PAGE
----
As one law firm explains in Is Your Smart Phone An FDA-Regulated Medical Device? – FDA Announces Plans To Regulate “Mobile Medical Applications:”. The FDA views handheld computers loaded with these apps to be medical “devices” subject to extensive FDA regulation. The FDA’s draft guidance sets out its current …

FDA clears telehealth option to remotely program cochlear implants …

Nov 27, 2017 – FDA regulations · Telehealth · Mobile technology. print reprint. The Food and Drug Administration has approved the first telehealth option to remotely program electronic hearing devicescalled cochlear implants, rather than having audiologists make programming adjustments to them at specialized centers …

Thirty-six connected health apps and devices the FDA cleared in 2016 …

Dec 30, 2016 – While connected blood glucose monitors and devices incorporating heart rate sensors dominate the list, we also saw more apps and software … Medtronic received FDA clearance for its AVIVO Mobile Patient Management System, which continuously measures, records and periodically transmits data for …

FDA Establishes New Digital Health Unit « Center for Telehealth and e …

ctel.org › Telehealth Buzz

May 12, 2017 – On the new unit’s agenda: topics like wireless medical devicesmobile apps,telemedicine, software as a medical device, and interoperability, among others. The overall focus will be on bringing “regulatory clarity” to the relatively new and continually evolving industry. In particular, theFDA is seeking to …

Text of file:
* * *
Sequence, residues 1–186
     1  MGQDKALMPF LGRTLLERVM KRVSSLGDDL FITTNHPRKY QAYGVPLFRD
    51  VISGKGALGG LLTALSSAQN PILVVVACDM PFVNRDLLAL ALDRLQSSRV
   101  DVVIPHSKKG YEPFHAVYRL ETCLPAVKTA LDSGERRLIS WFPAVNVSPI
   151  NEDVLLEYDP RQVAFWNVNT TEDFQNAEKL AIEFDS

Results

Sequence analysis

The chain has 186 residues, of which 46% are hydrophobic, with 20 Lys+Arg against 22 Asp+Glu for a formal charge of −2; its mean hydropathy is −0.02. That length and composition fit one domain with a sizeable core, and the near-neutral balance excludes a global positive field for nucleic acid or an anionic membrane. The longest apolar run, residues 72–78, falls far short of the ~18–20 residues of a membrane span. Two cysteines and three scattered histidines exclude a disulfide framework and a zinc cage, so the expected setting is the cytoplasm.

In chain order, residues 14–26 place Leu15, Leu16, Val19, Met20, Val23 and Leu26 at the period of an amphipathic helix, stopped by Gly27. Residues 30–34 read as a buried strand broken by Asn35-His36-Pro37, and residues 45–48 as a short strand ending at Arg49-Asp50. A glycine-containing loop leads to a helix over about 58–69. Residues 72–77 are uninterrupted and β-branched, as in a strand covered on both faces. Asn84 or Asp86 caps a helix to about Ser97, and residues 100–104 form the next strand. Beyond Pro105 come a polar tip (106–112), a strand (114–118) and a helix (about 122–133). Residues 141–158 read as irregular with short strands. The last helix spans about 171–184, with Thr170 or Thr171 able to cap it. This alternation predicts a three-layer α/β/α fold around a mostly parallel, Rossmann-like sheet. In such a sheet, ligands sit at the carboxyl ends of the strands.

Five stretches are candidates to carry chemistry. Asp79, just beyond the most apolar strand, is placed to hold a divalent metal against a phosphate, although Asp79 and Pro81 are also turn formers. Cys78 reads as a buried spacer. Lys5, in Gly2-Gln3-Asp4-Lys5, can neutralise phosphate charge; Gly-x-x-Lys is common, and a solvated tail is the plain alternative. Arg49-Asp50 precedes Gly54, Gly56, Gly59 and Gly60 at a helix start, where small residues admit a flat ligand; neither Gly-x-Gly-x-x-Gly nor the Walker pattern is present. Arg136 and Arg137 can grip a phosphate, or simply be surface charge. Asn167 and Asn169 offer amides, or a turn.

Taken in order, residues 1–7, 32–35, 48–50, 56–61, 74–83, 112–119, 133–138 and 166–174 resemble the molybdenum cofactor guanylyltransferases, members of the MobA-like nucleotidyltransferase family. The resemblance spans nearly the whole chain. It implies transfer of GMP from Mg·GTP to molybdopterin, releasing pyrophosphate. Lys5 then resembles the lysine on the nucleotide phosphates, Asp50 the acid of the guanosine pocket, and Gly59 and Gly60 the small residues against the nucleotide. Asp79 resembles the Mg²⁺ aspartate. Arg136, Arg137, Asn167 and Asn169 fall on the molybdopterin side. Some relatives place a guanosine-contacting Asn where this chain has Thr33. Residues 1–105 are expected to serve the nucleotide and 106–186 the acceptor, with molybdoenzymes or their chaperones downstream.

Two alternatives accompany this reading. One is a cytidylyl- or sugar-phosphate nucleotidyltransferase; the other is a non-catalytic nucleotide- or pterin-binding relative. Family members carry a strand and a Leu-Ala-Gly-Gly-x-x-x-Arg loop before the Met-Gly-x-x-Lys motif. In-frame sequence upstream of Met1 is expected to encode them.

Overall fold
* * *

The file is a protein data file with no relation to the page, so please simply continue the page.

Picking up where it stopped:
FDA OKs Telemedicine Platform for Programming Cochlear Implants

Nov 20, 2017 – The announcement continues a string of FDA approvals over the past month of innovative telemedicine and mHealth devices. This one is designed to help the 58,000 adults and 38,000 children who have received cochlear implants since 2012. The implant is designed to electrically stimulate the nerves …

Remote Patient Monitoring Technologies Addressed by FDA

Jul 31, 2015 – Among the many mobile apps and devices that the FDA does consider under the definition of a medical device but does not pose any serious danger to patients … Another remote patient monitoring solution that’s made an impact is Authentidate’s telemedicine service, which has helped monitor the health of …

Why Mobile Health Applications Require FDA Regulation

Aug 5, 2015 – August 05, 2015 – If a medical device like a pacemaker was to be installed through surgery and hadn’t been thoroughly vetted by the proper agency, what patient would ever allow their doctor to go through with the surgery? It’s likely no such patient exists and healthcare advocates expect all medical …